Beware the Whitechapel Murders: Jack the Ripper is stalking London’s East End

Victim of Jack the Ripper, portrayed by the popular press of 1888

Victim of Jack the Ripper, portrayed by the popular press of 1888 - Credit: Museum of London Docklands

Polly Nichols is to walk the streets of London’s East End for the last time on Friday night, August 31—before she is murdered.

Whitechapel Murders of 1888 begin

Whitechapel Murders of 1888 begin - Credit: archive

Mary Ann, her real name, is the third to be butchered in what is to become known as the Whitechapel Murders of 1888, but the first known victim of Jack the Ripper.

She is found dead at 3.30am this coming Saturday, exactly 125 years ago, in the gas-lit streets of Victorian east London.

Two men on their way to work come across her mutilated body, shocked and horrified, who then go in search of a constable.

The East London Advertiser has a 12-page supplement in today’s edition telling the story of the five victims, as well as other murdered prostitutes who some historians believe were also the work of the Ripper.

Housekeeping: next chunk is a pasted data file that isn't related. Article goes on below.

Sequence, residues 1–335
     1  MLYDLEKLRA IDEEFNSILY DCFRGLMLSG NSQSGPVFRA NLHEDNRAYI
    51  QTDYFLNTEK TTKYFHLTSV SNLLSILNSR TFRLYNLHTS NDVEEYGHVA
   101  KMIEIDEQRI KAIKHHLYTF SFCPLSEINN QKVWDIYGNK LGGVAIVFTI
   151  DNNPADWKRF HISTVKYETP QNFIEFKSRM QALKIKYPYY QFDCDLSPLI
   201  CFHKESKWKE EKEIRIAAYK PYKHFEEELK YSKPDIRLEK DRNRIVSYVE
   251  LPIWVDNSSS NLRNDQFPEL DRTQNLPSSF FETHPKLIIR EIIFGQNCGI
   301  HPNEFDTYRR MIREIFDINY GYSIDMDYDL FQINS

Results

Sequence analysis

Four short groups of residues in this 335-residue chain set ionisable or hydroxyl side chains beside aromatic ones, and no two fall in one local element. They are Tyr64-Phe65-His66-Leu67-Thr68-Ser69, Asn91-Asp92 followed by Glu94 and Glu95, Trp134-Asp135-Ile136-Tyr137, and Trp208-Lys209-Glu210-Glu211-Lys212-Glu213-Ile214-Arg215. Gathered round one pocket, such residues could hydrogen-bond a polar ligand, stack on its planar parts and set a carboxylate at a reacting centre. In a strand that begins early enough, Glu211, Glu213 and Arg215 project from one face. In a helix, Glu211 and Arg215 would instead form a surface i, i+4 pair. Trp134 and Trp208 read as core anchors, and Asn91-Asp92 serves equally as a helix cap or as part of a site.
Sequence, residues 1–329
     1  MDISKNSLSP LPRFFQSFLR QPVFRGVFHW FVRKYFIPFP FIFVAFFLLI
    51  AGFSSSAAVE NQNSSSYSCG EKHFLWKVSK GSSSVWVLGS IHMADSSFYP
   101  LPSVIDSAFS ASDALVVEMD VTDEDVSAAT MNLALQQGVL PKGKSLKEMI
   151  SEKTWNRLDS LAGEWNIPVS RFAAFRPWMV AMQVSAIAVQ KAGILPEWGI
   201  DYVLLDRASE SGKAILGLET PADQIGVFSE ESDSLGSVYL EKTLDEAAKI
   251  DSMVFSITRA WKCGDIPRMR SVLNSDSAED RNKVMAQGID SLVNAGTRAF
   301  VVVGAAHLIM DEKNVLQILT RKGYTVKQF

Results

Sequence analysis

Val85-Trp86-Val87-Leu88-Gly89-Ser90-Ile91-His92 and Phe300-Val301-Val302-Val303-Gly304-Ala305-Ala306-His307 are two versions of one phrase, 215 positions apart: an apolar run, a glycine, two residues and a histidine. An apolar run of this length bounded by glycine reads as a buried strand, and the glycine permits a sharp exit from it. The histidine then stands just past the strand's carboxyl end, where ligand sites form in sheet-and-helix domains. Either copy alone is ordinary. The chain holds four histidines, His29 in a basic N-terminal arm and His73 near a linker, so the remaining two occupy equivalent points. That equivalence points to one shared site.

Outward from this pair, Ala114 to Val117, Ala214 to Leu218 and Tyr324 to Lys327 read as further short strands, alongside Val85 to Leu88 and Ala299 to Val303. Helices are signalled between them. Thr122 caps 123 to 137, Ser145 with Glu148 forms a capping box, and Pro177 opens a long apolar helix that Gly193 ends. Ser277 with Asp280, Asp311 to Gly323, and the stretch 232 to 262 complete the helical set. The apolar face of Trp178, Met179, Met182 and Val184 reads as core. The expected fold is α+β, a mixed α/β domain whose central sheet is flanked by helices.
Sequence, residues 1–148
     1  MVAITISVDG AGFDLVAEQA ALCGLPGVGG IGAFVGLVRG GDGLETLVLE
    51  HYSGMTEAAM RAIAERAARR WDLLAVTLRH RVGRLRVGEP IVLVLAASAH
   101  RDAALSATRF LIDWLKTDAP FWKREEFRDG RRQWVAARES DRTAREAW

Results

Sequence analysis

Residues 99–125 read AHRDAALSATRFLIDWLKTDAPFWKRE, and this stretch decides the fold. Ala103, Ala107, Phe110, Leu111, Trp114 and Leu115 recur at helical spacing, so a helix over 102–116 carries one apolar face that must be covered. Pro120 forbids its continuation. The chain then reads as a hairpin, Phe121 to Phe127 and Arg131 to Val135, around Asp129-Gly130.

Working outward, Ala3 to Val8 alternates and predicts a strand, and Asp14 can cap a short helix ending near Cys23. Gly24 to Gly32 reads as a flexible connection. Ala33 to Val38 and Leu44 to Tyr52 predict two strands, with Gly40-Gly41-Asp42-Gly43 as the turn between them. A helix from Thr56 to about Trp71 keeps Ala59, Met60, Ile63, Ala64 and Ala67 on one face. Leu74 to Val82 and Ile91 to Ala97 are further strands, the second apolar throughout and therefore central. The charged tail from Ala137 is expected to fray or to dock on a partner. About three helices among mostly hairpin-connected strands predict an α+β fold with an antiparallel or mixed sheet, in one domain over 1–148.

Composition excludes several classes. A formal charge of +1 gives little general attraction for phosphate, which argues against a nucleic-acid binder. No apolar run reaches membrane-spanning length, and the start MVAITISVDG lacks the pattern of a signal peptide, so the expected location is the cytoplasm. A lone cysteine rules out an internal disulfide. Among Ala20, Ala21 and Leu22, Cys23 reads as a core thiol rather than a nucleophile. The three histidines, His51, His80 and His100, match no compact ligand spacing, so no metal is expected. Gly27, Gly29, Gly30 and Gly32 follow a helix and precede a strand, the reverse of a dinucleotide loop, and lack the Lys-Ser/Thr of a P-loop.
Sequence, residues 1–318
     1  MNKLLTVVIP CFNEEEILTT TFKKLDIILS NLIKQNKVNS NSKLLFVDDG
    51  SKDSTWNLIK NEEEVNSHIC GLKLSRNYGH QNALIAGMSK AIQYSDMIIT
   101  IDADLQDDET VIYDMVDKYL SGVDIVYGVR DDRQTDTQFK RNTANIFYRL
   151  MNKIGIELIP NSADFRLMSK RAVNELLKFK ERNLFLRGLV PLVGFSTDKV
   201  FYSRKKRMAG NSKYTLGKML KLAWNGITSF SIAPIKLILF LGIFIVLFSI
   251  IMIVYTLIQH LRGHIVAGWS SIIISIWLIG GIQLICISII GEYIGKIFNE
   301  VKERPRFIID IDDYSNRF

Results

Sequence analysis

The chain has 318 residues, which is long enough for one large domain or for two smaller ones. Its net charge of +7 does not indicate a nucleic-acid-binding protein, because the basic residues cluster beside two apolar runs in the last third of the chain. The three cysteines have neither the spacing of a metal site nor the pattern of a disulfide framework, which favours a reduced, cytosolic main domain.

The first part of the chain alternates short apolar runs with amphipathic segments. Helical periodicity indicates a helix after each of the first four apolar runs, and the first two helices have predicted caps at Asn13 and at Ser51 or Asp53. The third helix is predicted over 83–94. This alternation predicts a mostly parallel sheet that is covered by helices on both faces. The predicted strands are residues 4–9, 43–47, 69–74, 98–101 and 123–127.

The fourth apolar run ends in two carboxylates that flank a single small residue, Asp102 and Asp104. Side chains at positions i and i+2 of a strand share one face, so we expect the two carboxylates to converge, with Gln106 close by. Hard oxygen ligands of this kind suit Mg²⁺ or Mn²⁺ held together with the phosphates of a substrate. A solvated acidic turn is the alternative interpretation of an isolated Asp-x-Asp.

We also look at the suspects at the time, from Scotland Yard archives of 1888—as well as theories emerging over the next century-and-a-quarter putting other names in the frame, rightly or wrongly, including Queen Victoria’s grandson and heir to the thrown, now largely discredited.

Who was the killer? We still don’t know. Why did he stop that year? Some believe he didn’t. The killings continue into the early 20th century.

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These questions still remain as fresh today as they did in 1888 when the Whitechapel Murders shocked the world.

The Advertiser, which first appeared in the 1860s, reported on the killings at the time. Today, we take a unique look at the Whitechapel Murders and what happened to those who were involved.

Our website opens a special ‘Jack the Ripper’ section on Saturday, on the 125th anniversary of Polly Nichols’ slaying. Over the coming weeks, we will add more incidents, arrests, theories and press reports of the day, as they unwind, in the story of Jack the Ripper and the Whitechapel Murders.

But you can get a head start in today’s East London Advertiser.